Yet, beef neither was nor is only part of a Hindu-Muslim divide. Eating beef also characterized one’s position within the Hindu caste fold. The lowest castes and those considered outside the hierarchy, such as Dalits, were marked because they ate beef or because their hereditary professions, such as tanning, dealt with cowhide. In fact, the second edition of Jha’s book, published in India in 2009, which I consulted, includes as an appendix an essay from 1948 by the renowned Dalit leader, jurist and reformer, B.R. Ambedkar titled Untouchability, The Dead Cow and the Brahmin. In it, he makes the case that eating beef is actually at the root of the construction of untouchability. According to him, early Brahminical repudiation of beef and cow sacrifice was really a response to the growing ascendance of Buddhism. Gradually, over time, both Brahmin and non-Brahmin groups adopted the prohibition against killing cows and consequent dietary restrictions as a sign of identity. However, the implications of this prohibition were not uniform. On those ritually and economically disadvantaged groups who might never have owned any animals to slaughter, its impact was substantially different. Their access to the flesh of the cow had always come through dead animals. For the Mahar community of Maharashtra, for instance, the carcass of the cow was theirs by right. Caste villagers were even required to surrender their dead animals to them. As such communities did not contravene the sanction against killing, beef continued as a necessary part of sustenance.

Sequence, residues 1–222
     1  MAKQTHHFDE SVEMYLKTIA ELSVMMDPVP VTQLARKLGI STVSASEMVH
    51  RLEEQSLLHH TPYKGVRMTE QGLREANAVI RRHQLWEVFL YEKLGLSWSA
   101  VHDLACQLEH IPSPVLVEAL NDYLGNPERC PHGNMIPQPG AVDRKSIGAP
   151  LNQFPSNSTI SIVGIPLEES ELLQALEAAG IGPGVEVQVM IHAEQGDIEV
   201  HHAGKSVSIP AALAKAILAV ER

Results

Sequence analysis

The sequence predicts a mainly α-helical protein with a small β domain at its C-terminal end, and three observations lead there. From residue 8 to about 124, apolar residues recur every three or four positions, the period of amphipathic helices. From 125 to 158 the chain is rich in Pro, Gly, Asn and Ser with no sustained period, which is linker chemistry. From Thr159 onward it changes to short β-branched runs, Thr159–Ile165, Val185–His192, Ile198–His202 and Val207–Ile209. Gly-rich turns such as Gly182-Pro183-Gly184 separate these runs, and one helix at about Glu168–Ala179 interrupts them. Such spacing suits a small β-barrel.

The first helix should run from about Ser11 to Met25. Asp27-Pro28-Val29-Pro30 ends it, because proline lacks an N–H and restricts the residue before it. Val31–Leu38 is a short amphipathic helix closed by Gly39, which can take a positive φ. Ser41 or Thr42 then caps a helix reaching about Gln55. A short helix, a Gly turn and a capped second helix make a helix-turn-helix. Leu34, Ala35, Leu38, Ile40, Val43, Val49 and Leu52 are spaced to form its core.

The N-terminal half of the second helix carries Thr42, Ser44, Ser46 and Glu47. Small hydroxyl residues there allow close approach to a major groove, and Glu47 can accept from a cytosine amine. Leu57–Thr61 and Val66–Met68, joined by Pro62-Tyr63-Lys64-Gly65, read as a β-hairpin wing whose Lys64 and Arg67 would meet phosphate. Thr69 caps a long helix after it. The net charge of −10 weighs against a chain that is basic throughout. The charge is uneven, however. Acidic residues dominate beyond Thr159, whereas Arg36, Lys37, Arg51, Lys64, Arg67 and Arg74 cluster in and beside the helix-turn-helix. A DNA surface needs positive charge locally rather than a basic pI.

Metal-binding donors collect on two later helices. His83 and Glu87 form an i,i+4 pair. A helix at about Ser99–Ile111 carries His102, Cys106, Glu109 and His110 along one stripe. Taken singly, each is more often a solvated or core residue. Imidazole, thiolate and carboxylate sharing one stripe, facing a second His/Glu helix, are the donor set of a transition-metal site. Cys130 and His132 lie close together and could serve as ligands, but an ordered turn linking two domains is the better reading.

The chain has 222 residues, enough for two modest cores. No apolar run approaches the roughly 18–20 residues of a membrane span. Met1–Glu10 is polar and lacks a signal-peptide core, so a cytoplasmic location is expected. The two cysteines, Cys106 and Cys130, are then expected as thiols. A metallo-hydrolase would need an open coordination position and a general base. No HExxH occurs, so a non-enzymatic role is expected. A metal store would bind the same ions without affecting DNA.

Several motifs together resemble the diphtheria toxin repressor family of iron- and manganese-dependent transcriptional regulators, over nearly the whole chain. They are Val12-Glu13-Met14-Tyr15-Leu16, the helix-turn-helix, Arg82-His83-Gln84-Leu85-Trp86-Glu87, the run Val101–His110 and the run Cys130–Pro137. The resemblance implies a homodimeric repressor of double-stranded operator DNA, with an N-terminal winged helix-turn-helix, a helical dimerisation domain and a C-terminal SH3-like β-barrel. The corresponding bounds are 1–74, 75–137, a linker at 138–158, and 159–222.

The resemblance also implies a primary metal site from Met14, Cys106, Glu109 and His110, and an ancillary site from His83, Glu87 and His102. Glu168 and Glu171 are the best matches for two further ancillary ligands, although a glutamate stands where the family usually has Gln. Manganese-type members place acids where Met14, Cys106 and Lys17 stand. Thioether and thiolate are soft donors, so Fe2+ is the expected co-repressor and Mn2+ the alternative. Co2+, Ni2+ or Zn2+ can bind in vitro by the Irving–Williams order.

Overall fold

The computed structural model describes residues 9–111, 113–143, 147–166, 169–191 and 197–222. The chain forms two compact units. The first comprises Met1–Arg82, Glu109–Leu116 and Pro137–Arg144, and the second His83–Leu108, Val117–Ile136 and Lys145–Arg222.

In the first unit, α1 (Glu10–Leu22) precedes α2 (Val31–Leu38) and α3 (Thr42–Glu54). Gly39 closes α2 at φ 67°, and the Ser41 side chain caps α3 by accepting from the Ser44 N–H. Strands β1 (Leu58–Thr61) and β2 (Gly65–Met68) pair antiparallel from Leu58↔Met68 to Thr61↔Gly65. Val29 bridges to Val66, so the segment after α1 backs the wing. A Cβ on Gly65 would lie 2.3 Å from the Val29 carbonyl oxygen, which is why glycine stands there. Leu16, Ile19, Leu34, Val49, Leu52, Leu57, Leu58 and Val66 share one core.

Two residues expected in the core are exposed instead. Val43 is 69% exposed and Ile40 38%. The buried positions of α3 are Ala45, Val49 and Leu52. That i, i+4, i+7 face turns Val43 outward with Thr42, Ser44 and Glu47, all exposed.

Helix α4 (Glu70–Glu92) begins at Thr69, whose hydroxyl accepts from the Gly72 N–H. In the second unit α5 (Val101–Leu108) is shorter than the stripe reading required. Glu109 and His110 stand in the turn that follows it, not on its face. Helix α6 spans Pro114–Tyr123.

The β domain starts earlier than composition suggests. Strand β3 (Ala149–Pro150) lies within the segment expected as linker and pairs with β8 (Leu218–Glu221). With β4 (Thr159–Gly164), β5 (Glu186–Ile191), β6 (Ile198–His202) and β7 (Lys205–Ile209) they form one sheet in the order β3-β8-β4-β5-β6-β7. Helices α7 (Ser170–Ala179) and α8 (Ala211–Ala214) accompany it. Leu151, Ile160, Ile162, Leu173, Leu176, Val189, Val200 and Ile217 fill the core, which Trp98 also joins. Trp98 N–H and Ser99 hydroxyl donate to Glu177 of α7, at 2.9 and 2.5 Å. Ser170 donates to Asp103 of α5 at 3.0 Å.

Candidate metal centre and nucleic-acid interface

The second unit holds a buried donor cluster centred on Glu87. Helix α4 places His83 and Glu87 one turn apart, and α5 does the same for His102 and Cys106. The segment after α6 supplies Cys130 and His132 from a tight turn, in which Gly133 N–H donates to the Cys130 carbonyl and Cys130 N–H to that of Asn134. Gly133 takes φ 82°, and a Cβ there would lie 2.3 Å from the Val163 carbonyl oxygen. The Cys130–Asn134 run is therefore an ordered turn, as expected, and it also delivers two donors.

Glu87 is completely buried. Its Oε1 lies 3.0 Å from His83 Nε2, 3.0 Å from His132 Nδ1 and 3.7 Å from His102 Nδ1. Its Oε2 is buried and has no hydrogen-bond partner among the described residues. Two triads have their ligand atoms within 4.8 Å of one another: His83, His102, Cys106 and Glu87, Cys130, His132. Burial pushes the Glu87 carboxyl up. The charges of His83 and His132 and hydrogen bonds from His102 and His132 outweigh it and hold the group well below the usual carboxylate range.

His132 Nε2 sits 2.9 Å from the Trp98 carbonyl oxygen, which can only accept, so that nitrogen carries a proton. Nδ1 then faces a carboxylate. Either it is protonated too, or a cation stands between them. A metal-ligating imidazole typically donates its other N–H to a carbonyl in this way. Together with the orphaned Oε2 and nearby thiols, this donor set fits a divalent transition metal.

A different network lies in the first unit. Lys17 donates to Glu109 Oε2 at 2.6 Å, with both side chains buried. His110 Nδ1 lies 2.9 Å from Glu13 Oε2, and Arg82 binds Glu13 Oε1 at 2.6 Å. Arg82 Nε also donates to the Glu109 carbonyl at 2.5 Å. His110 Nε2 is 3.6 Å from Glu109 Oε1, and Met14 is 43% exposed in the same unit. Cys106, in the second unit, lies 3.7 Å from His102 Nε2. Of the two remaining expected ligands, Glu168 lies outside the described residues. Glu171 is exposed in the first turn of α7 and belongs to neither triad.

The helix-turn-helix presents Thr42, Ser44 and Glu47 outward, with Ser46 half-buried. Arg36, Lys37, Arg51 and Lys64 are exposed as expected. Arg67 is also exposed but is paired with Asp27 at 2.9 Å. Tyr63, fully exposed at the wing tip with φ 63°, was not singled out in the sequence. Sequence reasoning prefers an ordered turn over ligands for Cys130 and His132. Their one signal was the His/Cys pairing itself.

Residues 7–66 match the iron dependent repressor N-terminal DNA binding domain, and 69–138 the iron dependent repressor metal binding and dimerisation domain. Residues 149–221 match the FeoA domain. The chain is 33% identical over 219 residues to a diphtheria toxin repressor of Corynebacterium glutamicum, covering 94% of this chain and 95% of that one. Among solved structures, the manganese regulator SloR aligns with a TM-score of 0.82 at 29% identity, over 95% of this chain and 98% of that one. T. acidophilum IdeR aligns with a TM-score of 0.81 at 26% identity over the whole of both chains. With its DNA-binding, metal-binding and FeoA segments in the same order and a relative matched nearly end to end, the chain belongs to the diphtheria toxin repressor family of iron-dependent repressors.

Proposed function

In 2012, a beef-eating festival was organized by Dalit students at Osmania University in Hyderabad, partly in a protest against its exclusion from the university hostel menu. Members of the Hindu right-wing Akhil Bharatiya Vidyarthi Parishad (All India Students Council) attacked the festival, injuring several students. Google it. Scroll down and you will see the comments erupt in a fairly typical clamour of disagreement: What if we organized a pork festival instead? An insult and an offense to our sensibilities! Here is textual evidence of the sanctity of the cow! A legitimate assertion of suppressed identity! Everyone should be entitled to eat what he or she pleases! Couldn’t we all just be vegetarian? Beef remains a powerful flashpoint, harnessing the body of the Indian cow inextricably to politics.